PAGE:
Tooth Powder 101

An introduction to tooth powder, it's effectiveness, homemade recipes and more.

Updated on October 23rd, 2020
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Why on earth are we talking about tooth powder? Well, it serves as a great alternative to toothpaste (more below). However, more importantly, for us ultralight backpacking folk, it is an opportunity to potentially cut an ounce from your pack weight. It is often thought of as "dehydrated toothpaste".

What is Tooth Powder?

Tooth powder is a mix of powders designed to clean your teeth and freshen your breath (see dentifrice).

Tooth powder is not literally a dehydrated toothpaste. It was first used in ancient times by the Greeks and Romans who mixed charcoal or ash with ground up bones, hoofs and oyster shells to create a gritty powder. The Chinese and English also developed their own formulas adding spices, herbs, plant oils, and honey.

Thankfully, we now have much more palatable powders that clean the teeth and gums. Almost all modern tooth powders use baking soda or calcium carbonate as their main ingredient with additives to enhance the cleaning power of the paste or add some flavor.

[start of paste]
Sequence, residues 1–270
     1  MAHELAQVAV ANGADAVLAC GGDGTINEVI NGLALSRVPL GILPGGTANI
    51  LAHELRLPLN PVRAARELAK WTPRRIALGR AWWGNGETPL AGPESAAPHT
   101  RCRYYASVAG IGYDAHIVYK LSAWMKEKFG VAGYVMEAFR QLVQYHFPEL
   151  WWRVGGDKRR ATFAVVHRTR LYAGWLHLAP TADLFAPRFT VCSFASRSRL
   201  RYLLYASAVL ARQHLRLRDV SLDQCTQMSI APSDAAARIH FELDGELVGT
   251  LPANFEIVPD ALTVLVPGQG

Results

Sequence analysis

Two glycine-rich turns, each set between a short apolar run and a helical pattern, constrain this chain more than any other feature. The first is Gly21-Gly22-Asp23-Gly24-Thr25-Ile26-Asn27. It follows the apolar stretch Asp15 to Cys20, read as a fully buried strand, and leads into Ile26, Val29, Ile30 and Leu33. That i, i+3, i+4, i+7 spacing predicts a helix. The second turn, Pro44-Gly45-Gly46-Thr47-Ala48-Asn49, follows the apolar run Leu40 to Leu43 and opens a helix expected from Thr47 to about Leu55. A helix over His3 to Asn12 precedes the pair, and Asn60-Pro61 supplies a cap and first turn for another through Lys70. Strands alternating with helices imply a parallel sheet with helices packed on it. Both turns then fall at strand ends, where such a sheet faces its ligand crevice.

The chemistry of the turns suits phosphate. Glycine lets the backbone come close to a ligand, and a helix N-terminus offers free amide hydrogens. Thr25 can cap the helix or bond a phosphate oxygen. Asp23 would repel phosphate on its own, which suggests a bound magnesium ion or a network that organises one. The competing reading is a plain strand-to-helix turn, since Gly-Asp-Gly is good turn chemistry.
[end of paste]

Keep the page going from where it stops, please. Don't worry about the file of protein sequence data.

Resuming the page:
What are the Active Ingredients?

Commercial formulas will add in fluoride, sweeteners, flavors and the detergent sodium lauryl sulfate. Often times, smaller companies try to keep their ingredients more natural by using a combination of calcium carbonate or baking soda, salt, clay, and essential oils. Some formulas add activated charcoal as a natural whitening agent (more below).

How Effective is Tooth Powder (vs Toothpaste)?

Tooth powders may sound like someone's selling snake oil. However, studies have shown that, when used properly, tooth powders work equally as well as toothpaste at maintaining oral health. A recent study even suggests tooth powders are more effective at controlling plaque and gingivitis than toothpaste. In summary, tooth powders do in fact work well as long as you use them correctly.

How to Use Tooth Powder?

You use tooth powder just like toothpaste. Dab a bit of the powder on your toothbrush... and brush. Don’t use your finger. It may be more convenient and lighter in your pack, but a toothbrush will do a better job getting into all the nooks and crannies of your teeth.

What about Charcoal?

Using charcoal powder in the same way you would use any other tooth powder blend is highly controversial. Charcoal is the hot new trend. However, because it is black, people may tend to over-brush to remove it which can damage the enamel on your teeth. It also tends to stain tooth replacements or restorations. It might be safest to stick to formulas that use baking soda or calcium carbonate as their main ingredients. 

homemade tooth powder© Chiot's Run (CC BY 2.0)

Popular Homemade Ingredients to Use

Making your own toothpaste is simple. Some ingredients like baking soda can be found on the shelves of your local grocery store, while others require you to visit either a specialty health food store or shop online.